“The administration has proven pretty receptive to the idea,” she says.
But Illingworth notes that installing cable television may be problematic.
“Cable television is expensive and most likely cumbersome in the administrative sense,” he says. “This is one of those issues which would take many discussions before resolution.”
One policy change Lee and Fernandez say they plan to suggest to the College’s administration is the creation of an “impartial advocate” for victims of sexual violence, an idea that has been discussed previously by the council.
According to Gusmorino, this individual would be responsible for campus policies and services pertaining to sexual assault and violence.
The council leadership claims that the creation of such a post would help students to deal with instances of sexual assault.
“It’s really daunting to approach a senior tutor with a problem like this,” Fernandez says.
Lee notes, however, that the procedure by which students report crimes of sexual violence will be hard to modify because “it deals with the [Administrative] Board.”
“They’re not as open to student input,” she says.
But according to Illingworth, the college already employs advisors who are “informed supporters of students who have experienced rape, sexual assault, or other forms of sexual misconduct.”
He says he is not sure what role an impartial advocate would play.
A Political Council
But Lee’s agenda moves beyond student services.
“I would really like to see the Undergraduate Council become involved in the most pressing, most controversial issues facing students,” she says.
Lee says the council has recently “shifted away from its other main goal, which is to serve as the student voice.”
Lee says she regrets not knowing how to speak for the student body when she was contacted by an ABC News reporter who asked her to comment on the recent controversy surrounding Harvard President Lawrence H. Summers and Fletcher University Professor Cornel West ’74.
She calls the council “a legitimate body for voicing student opinion to the administration and others.”
Some council members have long viewed the body as the public voice of Harvard students, drafting bills such as one last year that encouraged environmentally friendly investing. But more conservative council members have long believed that bills with political themes fell beyond the council’s scope.
Barkley says that addressing controversial issues can be dangerous for the council.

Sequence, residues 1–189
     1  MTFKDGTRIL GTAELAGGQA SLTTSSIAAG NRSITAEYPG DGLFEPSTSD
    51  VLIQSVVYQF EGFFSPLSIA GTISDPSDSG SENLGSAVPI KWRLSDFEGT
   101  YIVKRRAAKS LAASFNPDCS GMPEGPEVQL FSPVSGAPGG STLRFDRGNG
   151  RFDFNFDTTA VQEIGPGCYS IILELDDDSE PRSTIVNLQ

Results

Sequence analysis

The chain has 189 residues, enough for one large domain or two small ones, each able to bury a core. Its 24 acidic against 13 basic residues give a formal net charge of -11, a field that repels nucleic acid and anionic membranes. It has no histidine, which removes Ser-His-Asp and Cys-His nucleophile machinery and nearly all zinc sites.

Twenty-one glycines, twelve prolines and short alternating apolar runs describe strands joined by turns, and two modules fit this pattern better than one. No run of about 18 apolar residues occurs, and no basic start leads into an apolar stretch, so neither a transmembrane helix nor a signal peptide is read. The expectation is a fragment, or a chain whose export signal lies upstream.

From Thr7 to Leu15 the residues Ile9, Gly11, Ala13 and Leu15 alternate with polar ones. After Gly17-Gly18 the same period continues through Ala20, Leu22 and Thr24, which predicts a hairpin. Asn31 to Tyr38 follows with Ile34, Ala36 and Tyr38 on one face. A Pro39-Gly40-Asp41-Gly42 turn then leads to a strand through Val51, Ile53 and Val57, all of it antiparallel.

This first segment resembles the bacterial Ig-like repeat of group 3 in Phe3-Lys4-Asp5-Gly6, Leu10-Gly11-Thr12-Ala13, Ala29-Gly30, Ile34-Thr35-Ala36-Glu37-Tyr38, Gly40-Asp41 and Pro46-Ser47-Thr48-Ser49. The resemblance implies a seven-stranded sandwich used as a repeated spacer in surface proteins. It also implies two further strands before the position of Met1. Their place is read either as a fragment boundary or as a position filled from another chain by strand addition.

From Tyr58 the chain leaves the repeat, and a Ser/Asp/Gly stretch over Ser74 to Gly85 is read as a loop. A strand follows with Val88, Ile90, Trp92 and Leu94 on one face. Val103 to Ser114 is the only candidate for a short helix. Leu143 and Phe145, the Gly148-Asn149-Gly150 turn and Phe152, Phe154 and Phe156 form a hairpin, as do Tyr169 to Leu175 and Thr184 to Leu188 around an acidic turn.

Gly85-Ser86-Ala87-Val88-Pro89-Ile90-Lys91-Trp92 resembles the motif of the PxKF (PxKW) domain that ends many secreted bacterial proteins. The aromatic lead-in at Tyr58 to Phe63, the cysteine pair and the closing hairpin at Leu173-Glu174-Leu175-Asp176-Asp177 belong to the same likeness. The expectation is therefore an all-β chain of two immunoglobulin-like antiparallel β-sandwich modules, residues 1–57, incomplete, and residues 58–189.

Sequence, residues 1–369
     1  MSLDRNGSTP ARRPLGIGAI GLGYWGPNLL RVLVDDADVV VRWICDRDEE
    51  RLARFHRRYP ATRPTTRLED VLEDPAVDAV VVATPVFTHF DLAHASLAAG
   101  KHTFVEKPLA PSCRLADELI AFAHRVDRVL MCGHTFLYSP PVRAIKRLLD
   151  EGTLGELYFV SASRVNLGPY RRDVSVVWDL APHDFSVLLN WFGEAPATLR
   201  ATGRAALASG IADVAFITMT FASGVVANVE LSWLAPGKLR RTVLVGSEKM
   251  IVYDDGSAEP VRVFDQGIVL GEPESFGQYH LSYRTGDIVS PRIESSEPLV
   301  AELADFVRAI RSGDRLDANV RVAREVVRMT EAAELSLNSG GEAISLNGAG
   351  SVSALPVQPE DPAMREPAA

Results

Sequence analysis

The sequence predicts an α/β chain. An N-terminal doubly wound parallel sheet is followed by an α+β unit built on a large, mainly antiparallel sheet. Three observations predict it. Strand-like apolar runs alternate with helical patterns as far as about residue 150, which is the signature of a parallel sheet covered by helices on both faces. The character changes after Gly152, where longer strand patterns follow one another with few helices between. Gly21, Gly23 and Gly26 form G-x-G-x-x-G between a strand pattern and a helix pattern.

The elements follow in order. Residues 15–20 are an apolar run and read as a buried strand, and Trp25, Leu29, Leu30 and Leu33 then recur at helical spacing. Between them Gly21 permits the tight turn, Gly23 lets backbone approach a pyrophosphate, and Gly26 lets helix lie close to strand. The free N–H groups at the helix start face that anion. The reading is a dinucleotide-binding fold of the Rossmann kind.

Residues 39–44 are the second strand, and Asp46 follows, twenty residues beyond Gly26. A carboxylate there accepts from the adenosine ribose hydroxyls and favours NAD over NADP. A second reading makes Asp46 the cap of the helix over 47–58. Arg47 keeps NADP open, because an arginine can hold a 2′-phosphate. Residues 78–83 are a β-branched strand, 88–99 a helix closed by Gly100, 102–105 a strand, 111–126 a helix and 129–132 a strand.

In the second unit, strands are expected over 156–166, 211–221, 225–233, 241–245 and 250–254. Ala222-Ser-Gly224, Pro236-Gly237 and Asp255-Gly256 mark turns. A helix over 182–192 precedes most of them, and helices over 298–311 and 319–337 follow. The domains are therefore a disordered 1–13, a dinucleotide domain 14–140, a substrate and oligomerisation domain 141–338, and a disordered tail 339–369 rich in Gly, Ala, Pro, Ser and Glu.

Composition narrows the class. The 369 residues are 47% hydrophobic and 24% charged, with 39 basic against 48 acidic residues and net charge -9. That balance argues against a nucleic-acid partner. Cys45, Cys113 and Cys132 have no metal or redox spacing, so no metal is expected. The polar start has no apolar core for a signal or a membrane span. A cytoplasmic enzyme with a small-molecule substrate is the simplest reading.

“It tends to divide the council in a negative way,” he says. “It tends to strain people’s friendships.” Barkley says he remembers a time when issues such as whether dining hall should serve grapes farmed by migrant workers dominated the council’s docket.
“When you delve into these political issues, people are going to start yelling at each other again,” he says.
But Lee says she would like to use some council meeting time to discuss the presence of the Reserve Officers Training Corps (ROTC) on campus.
Lee says she would also like to address environmental waste at Harvard.
“It’s kind of a political thing, but it affects students’ lives,” Fernandez says. But council member Brian R. Smith ‘02 says Lee and Fernandez should focus on continuing Gusmorino’s student services success rather than working to expand the council’s scope.
“The biggest challenge is to keep the council at the level of performance that it was under Paul,” Smith says. “Sujean and Annie have the ability to keep it at that level.”
Transfer of Power
Though Lee faces high expectations and questions about her vision for the scope of council policy, most council members say she should experience little difficulty taking over the top job.
“Sujean is going in already having a large learning curve,” Gusmorino says, referring to Lee’s tenure as council vice-president and, before that, Campus Life Committee (CLC) chair.
SAC Chair Rohit Chopra ’04 says Lee’s extensive council experience may be her most valuable asset.
More importantly, Chopra says, Gusmorino has left such a positive legacy in the area of student services that Lee has the luxury to ponder more broadly the council’s place in the University.
“Paul’s mission was to clean up and regain the trust of students and the administration,” Chopra says. “Sujean’s charge is really to move more to the bigger picture. What Sujean has to do is go for far-reaching effectual change.”
—Staff writer Claire A. Pasternack can be reached at firstname.lastname@example.org.